The subject of candour



Give your feedback in the belly, not the back.

So what is candour? It’s a level of frankness, being open and sincere.

As an adult it takes a lot of courage to embody. For children it is just a way of being. How many times have you been caught out by the candour of children? As adults we become more polite and begin to hide our true opinions to protect the feelings of others.

Jack Welch former CEO of General Electric says one of his greatest achievements has been developing a culture of candour amongst his team. Staff are able to give each other direct feedback and critiques with the trust that their discussions will develop a better company.

Similarly the All Blacks have an internal motto “In the belly not the back”, have the courage and respect for your team mates to deliver frank feed back to their face and not behind their back.

So, (despite what my mother says) being polite has it’s draw-backs. If we tiptoe around feelings and stay too polite the blind fold is never lifted and nothing will improve.

Being too polite can even be dangerous:
In the UK during a public enquiry it was identified that the NHS culture within the Mid Staffordshire Hospital accommodated extreme medical negligence. The staff were under performing and their colleagues were too polite to speak up or provide any negative feedback. This negligence included nurses using equipment they didn’t know how to use and doctors performing surgeries that they were not qualified for. This resulted in an estimated 1200 extra mortalities over four years.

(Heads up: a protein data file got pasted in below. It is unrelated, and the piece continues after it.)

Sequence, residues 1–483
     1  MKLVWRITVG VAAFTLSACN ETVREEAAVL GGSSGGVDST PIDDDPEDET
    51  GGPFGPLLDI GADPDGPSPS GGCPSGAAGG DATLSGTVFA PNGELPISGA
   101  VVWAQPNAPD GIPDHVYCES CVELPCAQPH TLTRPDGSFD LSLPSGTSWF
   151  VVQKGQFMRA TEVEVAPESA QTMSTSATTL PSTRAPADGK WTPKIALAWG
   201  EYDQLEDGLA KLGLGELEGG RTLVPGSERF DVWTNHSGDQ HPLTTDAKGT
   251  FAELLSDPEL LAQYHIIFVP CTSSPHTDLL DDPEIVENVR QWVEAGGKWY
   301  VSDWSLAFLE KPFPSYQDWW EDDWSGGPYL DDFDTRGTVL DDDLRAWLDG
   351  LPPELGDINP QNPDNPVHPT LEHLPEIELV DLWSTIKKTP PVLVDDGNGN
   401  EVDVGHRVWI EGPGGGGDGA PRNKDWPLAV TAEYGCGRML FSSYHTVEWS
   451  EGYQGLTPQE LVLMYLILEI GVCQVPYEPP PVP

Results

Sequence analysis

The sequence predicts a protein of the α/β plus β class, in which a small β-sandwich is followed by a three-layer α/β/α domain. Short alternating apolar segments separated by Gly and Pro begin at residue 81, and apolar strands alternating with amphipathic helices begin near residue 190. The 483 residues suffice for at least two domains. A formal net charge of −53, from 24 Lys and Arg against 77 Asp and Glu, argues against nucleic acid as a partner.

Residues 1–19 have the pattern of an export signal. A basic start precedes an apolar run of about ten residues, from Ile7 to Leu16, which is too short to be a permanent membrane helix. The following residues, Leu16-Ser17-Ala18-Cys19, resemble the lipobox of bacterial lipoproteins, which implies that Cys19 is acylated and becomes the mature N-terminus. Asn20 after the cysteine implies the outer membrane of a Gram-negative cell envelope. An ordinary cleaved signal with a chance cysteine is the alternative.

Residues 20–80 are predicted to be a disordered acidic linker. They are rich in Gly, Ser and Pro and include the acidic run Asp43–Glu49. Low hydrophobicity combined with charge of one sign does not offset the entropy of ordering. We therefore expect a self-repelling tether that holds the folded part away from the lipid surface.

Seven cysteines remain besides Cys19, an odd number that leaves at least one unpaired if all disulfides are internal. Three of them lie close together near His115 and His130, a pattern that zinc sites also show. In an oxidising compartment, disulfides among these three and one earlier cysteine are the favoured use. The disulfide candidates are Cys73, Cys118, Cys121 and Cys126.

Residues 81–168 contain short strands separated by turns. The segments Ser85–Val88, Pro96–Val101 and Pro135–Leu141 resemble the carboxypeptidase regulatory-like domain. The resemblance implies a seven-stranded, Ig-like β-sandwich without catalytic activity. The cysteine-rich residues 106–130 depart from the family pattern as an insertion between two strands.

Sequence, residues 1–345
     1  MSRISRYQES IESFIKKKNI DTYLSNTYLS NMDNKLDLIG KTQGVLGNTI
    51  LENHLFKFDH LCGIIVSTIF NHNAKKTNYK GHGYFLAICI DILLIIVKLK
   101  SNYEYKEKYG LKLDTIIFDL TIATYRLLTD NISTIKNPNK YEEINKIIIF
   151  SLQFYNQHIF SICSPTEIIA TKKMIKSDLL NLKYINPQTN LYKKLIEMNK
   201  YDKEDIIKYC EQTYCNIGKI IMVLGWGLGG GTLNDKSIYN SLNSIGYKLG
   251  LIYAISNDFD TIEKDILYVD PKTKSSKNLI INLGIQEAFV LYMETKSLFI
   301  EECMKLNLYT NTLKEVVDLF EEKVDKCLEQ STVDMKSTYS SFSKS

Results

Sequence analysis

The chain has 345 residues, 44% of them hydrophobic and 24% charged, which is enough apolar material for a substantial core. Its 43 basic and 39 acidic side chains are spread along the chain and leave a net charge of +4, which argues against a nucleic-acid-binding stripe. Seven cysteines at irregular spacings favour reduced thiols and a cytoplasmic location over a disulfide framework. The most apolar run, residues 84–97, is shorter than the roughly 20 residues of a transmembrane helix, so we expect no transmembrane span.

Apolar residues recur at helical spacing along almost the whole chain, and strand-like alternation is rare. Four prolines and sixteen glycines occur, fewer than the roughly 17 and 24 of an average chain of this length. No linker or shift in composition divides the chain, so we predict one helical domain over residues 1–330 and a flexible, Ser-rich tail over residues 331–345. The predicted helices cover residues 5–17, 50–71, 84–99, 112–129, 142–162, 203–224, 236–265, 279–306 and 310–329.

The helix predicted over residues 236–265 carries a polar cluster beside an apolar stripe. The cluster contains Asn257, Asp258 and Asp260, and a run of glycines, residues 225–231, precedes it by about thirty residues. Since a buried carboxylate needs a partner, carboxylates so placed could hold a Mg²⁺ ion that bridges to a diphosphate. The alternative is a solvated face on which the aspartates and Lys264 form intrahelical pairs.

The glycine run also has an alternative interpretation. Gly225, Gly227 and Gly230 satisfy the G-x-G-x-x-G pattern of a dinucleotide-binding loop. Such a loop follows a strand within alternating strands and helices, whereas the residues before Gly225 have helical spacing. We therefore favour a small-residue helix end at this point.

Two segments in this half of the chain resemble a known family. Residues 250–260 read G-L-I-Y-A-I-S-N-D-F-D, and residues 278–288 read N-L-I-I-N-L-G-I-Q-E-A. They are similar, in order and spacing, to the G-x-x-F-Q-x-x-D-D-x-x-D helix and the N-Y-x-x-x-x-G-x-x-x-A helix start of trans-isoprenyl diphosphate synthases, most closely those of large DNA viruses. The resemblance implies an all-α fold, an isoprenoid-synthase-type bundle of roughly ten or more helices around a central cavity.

Or the case of Korean Air. In 1999, Korean Air was put under FAA sanction after a series of fatal accidents which saw a total over haul of the Korean air system and pilot training. Review of the black box audio of a particular crash in 1997 uncovers instances of the co-pilot’s understanding of the precarious position they were in, but being too polite to confront his senior.

These examples simply highlight the responsibility of everyone to be open to give and receive frank feedback. In order to evolve and improve we must seek criticism not praise and through this we can become better for our clients, ourselves and each other.

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